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English term or phrase: assume vs. suppose  Here are two examples:
Assume that A is equal to B.
Suppose A=B.
My colleague said that there was a subtle difference between the two statements from the mathematical standpoint. Is he right? 
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  Local time: 23:41

 English translation:regardless of subject area  Explanation: Not an expert in maths, but I'd say "assume" implies taking something for granted (as in LET a=4), while "suppose" could be an intro to presenting one of the possible scenarios.
If you ask someone to assume that A=B, you're telling them not to question that, while saying "suppose A=B" goes more along the lines of "let's see where it gets us if we say that A=B" 
 Selected response from: Pike Croatia Local time: 22:41
 Grading comment Though I'm still not sure whether there is a difference, the way you were reasoning in attemp to explain it was quite instructive. Thank you for that!! 4 KudoZ points were awarded for this answer 
 
Discussion entries: 0 

Automatic update in 00:

6 mins confidence: peer agreement (net): +3
6 mins confidence: peer agreement (net): +3 certain v possible
Explanation: I am not mathematician, but I "suppose" the difference between the two is the degree of certainty. An assumption entails a greater degree of certainty than a supposition. Let's see what the colleagues have to offer.
  
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3 hrs confidence: peer agreement (net): +2 assumption vs. supposition assumption is the term used in mathematical proofs
Explanation: if you look at fundamental mathematical sites (like university math departments, see MIT link below) showing proofs, you will see this.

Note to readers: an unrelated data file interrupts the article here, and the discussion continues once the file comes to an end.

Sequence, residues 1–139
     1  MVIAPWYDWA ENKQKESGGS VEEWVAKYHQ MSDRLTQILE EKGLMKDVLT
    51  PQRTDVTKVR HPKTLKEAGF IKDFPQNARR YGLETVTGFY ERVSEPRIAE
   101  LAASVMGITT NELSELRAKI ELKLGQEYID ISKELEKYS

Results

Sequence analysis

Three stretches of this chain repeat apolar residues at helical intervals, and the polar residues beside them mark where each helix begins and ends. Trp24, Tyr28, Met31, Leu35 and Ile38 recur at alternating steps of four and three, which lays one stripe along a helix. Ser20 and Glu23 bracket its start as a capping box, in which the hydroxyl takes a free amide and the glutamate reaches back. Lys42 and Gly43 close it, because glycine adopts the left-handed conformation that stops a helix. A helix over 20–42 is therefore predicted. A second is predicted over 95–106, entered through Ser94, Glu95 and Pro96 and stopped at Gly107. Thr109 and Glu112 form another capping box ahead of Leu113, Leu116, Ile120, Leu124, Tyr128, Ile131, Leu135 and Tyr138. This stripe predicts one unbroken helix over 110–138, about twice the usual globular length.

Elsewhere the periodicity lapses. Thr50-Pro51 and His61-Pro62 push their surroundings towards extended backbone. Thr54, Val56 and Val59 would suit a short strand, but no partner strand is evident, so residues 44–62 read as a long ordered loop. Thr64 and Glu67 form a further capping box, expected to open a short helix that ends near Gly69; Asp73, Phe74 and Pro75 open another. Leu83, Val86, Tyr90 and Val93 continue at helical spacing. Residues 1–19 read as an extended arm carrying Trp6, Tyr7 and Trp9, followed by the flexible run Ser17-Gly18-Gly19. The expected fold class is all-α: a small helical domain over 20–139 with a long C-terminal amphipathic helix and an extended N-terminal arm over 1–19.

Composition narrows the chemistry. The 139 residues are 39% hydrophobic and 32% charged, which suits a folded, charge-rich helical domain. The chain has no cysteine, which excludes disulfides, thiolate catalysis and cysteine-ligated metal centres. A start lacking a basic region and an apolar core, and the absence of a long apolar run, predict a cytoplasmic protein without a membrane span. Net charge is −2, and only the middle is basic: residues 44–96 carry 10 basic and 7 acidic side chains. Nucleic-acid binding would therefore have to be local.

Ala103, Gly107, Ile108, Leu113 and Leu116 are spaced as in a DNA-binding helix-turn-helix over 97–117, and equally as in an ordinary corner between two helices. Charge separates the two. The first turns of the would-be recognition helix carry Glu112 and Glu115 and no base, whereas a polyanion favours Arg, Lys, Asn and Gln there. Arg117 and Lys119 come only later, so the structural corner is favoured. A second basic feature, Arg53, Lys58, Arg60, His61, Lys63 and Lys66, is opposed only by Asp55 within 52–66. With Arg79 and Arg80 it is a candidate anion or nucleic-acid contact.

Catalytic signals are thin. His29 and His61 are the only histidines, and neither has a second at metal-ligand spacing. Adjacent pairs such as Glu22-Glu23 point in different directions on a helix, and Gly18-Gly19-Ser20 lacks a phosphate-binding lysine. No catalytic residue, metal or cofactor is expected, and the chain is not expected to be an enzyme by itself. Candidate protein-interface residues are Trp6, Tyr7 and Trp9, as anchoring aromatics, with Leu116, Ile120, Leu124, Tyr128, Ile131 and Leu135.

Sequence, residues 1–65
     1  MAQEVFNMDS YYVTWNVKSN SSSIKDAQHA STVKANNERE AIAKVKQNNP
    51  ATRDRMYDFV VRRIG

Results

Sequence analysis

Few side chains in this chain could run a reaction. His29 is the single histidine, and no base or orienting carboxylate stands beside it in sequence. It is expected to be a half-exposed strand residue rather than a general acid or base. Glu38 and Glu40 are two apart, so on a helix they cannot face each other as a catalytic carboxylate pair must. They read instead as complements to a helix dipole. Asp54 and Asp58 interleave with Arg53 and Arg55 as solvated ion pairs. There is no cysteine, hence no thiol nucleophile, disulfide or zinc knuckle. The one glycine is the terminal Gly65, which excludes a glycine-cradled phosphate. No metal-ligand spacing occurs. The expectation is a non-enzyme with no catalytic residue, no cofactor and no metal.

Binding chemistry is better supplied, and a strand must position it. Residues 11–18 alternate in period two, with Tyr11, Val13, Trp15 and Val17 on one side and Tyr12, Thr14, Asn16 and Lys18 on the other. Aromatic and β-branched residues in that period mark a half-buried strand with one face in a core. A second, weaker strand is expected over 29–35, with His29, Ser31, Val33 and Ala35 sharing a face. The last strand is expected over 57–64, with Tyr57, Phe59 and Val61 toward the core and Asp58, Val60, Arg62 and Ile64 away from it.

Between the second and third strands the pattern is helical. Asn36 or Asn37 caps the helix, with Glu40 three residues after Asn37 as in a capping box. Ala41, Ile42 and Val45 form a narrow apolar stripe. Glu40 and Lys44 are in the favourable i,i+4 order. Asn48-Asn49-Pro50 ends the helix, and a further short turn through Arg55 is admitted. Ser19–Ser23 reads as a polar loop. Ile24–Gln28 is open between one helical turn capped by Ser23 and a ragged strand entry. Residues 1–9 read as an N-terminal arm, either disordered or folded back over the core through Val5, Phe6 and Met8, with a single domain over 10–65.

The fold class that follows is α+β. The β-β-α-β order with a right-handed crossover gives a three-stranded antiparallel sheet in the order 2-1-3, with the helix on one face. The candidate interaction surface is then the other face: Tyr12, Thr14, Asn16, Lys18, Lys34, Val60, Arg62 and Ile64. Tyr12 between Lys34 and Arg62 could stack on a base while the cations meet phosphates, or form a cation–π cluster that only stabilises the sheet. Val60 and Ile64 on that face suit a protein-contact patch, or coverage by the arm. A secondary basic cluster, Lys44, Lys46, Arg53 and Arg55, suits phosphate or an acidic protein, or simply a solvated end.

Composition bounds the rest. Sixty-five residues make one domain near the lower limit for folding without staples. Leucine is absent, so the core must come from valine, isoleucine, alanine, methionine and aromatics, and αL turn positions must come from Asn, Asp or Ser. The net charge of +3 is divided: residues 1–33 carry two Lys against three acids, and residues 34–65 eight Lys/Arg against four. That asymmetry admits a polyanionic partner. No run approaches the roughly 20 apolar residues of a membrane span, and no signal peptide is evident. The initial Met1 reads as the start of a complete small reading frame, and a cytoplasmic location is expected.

Since the answer is unknown, neither nor is in the mind of the mathematician. Therefore, according to the constructivists, the disjunction is not a legitimate mathematical assumption. Thus Aristotle's eitheror principle (see 1.1.1 and 1.2.3 above) must be abandoned.
CILT  Mathematics Standards Glossary
... Mathematics  Glossary. Absolute Value, ... x. Axiom, A basic assumption about a mathematical system from which theorems can be deduced. For ...
164.64.166.11/cilt/standards/math/glossary.html
 Note added at 9 hrs 34 mins (20040711 22:03:14 GMT) 
Math is black or white except in hypothetical cases, when substituting different values for a variable.
In the asker\'s example we are dealing with a hypothetical, so both terms can be used. I added my entry because I thought it might be helpful to the asker in general.
In Pike\'s example below :
Given formula a = G*c
if variable c = 1, then.....
if varable c = 2, then
this type of hypothetical phrasing (given x = 1 + y) If y = 1, then x = blahblah
If y = 2, then
the same type of hypothetical phrase is used in regular everyday English: if I use 2 eggs instead of 1, I will need 3 cups of flour.
 Note added at 9 hrs 38 mins (20040711 22:06:52 GMT) 
this type of hypothetical reasoning is really an exercise in deductive logic
Reference: http://www.math.psu.edu/simpson/papers/philmath/node20.html Reference: http://www.ai.mit.edu/courses/6.892/lect16html/sld016.htm
 RHELLER United States Local time: 14:41 Native speaker of: English PRO pts in category: 4

 
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